In a piece published overnight, Dan McGrath waxed lyrical on the potential of the Day/Night Test, to be played later this year, in both a commercial and cricketing context.
“No matter what time of day, what colour of ball,” McGrath wrote, “the intensity of Test match cricket will shine through.”
I take a very different approach to the situation, however. I wrote, in June last year, of my thoughts on the proposal – in effect that the idea is bunk.
I’m fairly conservative when it comes to my cricket; I’d much rather immerse myself in a Test than rollock along with a T20. But I don’t believe conservatism is behind my distaste for Day/Night Test cricket, it simply stems from the lack of cricketing sense behind the decision.
McGrath wrote that little footage exists of the First Class games played with the pink ball, “upon which to judge the pink ball and the way it behaves”.
I watched extensive coverage of live streams, both in the West Indies, and in Australia, of the pink ball. I approached it with an open mind – if the game works, why not? Deep down I had my suspicions it was flawed, but I intentionally viewed the games objectively.
My view was simple: the ball behaved differently, it was harder to see, the pitches didn’t deteriorate naturally. Add into that the vagaries of Test cricket being thrown out the door – a Lord’s morning, the Fremantle Doctor, cloud cover, the challenge of playing with fading light.
Even if the ball didn’t behave unnaturally, the sanitisation of the game would remove so much of its character and interest. Even in ODI cricket we’ve seen this occur; since the start of 2012, 191 ODIs have been day games, 246 have been floodlit.
In the former category, the average runs per wicket is 30.64, whilst the RPO is 5.09.
In the latter, the same stats read 32.37 and 5.40.
This might not seem a huge difference, but bear in mind that it’s the difference between being 254, and being 270.
And if we reduce it down to just the first innings, where scoreboard pressure can lead to basket-cases and aberrations, it’s 257 plays 274.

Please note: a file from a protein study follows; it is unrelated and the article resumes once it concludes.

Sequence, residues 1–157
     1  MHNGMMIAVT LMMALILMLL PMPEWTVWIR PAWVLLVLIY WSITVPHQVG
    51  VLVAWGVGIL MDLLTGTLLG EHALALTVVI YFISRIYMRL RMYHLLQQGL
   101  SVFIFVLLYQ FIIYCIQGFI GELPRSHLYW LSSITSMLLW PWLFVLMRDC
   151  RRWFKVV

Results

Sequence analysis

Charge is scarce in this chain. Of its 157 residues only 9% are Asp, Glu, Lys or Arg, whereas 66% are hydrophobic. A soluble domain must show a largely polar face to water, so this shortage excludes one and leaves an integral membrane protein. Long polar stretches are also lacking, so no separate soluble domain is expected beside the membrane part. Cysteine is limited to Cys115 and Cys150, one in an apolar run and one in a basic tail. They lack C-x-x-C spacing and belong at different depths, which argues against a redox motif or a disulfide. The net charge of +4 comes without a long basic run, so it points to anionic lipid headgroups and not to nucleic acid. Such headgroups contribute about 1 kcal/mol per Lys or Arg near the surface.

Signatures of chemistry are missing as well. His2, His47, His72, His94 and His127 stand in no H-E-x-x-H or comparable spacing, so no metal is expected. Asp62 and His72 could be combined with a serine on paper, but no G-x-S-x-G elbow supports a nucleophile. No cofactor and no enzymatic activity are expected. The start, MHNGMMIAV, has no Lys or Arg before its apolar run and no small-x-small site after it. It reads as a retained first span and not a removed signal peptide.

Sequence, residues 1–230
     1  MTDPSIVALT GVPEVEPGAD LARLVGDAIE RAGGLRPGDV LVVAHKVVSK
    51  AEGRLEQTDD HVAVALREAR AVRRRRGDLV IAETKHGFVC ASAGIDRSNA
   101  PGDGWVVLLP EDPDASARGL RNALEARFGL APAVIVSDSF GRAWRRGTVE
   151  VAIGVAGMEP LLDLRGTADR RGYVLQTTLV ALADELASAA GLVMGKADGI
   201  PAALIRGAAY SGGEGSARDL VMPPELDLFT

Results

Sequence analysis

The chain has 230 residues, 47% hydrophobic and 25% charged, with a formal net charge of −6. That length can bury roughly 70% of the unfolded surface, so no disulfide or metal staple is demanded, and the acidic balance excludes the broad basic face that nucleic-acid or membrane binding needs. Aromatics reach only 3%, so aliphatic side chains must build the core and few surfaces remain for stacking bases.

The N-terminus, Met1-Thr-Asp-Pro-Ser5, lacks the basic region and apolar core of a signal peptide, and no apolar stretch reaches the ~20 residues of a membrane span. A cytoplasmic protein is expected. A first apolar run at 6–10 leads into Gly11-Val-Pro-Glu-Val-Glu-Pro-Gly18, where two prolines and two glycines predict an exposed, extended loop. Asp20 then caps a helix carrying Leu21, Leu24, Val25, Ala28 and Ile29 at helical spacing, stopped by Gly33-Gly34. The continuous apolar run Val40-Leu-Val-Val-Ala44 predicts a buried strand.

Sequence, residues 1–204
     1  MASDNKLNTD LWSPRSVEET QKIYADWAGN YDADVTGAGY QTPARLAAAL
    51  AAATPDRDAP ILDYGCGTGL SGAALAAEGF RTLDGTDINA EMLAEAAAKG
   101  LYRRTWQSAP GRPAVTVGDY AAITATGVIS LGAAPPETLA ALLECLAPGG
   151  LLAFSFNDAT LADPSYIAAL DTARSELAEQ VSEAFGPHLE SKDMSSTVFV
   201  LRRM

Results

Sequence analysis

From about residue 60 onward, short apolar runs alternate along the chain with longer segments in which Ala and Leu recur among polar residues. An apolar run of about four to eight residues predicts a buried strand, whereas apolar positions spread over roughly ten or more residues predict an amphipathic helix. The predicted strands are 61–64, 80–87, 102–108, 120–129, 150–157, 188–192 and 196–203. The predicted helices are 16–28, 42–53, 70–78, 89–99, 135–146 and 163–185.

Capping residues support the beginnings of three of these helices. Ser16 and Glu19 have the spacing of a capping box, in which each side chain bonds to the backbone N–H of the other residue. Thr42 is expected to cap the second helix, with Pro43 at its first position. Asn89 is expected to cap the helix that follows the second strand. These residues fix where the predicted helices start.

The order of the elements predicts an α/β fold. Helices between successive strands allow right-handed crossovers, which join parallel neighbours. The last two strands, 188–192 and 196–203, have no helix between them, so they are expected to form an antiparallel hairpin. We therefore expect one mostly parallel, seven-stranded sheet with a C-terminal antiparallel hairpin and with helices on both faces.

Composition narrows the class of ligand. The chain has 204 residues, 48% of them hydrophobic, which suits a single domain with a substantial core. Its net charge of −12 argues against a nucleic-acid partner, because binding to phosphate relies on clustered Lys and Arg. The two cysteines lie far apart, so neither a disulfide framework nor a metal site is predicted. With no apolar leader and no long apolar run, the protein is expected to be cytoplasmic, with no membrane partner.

This isn’t just a statistical surprise because of the limited time-frame either – it’s replicable whether you’re looking since 2000, since 2005, since 2010.
The simple matter is that the day/night game, to a degree, sanitises our game.
But even that shouldn’t be the predominant concern for the ICC.
Every trial has resulted in the same issues – visibility, the ball behaving differently, colour-blind cricketers unable to see the ball. The most prominent example came in a survey after the 2013/14 Sheffield Shield season, where 94% of players said the ball didn’t wear like a normal Kookaburra, and 89% said it behaved differently.
They’ve had a season since then to improve it, but the same issues remain – especially for the likes of Chris Rogers and Matthew Wade, both of whom could be in or around the Australian side for that Test.
Let’s leave the last word to Mitchell Starc, who summed it up succinctly.
“It’s definitely not a red ball. It doesn’t react anything like the red ball, in terms of swing and the hardness of it anyway. It goes soft pretty quickly, I didn’t see a huge amount of reverse swing in that game and I don’t think it swung from memory too much until the artificial light took over. It definitely reacts very, very differently to the red ball.
“The other thing as well is, personally, I couldn’t see the thing at night on the boundary. I couldn’t see the ball. So I’m not sure how the crowd are going to see it.”